South Sudan descended into chaos in December after President Salva Kiir accused former Vice President Riek Machar of launching a coup. Machar was sidelined when Kiir reshuffled his Cabinet in mid-2013 but denies trying to topple the government.
U.S. Rep. Ed Royce, R-Calif., chairman of the House committee, Wednesday said he scheduled a hearing to assess the turn of events in South Sudan, the world's newest nation.
"The United States has expended significant time, money, and energy to usher in an independent southern Sudan," he said in a statement. "Sadly, we now see political figures that once stood up against the brutal regime in Khartoum, with hopes of bringing freedom and prosperity to their people, now turning their weapons against one another."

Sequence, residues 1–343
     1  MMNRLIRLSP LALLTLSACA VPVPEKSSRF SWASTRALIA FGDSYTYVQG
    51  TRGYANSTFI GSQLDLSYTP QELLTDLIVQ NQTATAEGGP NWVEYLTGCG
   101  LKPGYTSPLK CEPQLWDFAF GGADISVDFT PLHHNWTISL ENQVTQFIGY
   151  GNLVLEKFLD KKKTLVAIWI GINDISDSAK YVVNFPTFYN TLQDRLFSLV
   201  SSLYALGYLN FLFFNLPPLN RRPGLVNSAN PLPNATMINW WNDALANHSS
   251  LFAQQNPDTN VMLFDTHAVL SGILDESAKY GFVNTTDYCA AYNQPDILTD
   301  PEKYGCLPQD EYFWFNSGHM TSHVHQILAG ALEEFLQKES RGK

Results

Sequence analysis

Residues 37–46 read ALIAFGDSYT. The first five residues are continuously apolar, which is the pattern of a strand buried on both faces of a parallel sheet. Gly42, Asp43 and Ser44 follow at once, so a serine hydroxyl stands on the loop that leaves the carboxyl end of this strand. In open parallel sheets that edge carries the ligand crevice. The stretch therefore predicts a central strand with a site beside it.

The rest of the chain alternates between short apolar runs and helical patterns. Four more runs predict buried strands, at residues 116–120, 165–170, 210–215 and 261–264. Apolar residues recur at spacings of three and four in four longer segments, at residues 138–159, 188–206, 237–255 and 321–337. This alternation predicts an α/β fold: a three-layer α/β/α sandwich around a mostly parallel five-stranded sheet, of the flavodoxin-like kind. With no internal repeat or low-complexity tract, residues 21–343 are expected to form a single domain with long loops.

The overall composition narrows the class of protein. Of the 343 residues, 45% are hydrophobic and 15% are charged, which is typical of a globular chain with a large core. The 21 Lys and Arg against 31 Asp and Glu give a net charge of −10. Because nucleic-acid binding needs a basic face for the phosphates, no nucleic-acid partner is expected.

Washington helped broker a 2005 peace deal in Sudan that paved the way to South Sudan's independence in 2011.
Royce summoned African specialists from the U.S. Agency for International Development and Linda Thomas-Greenfield, assistant secretary of state for African affairs, to testify.
Parties to the South Sudanese conflict are meeting in Ethiopia to find a diplomatic solution to the crisis.
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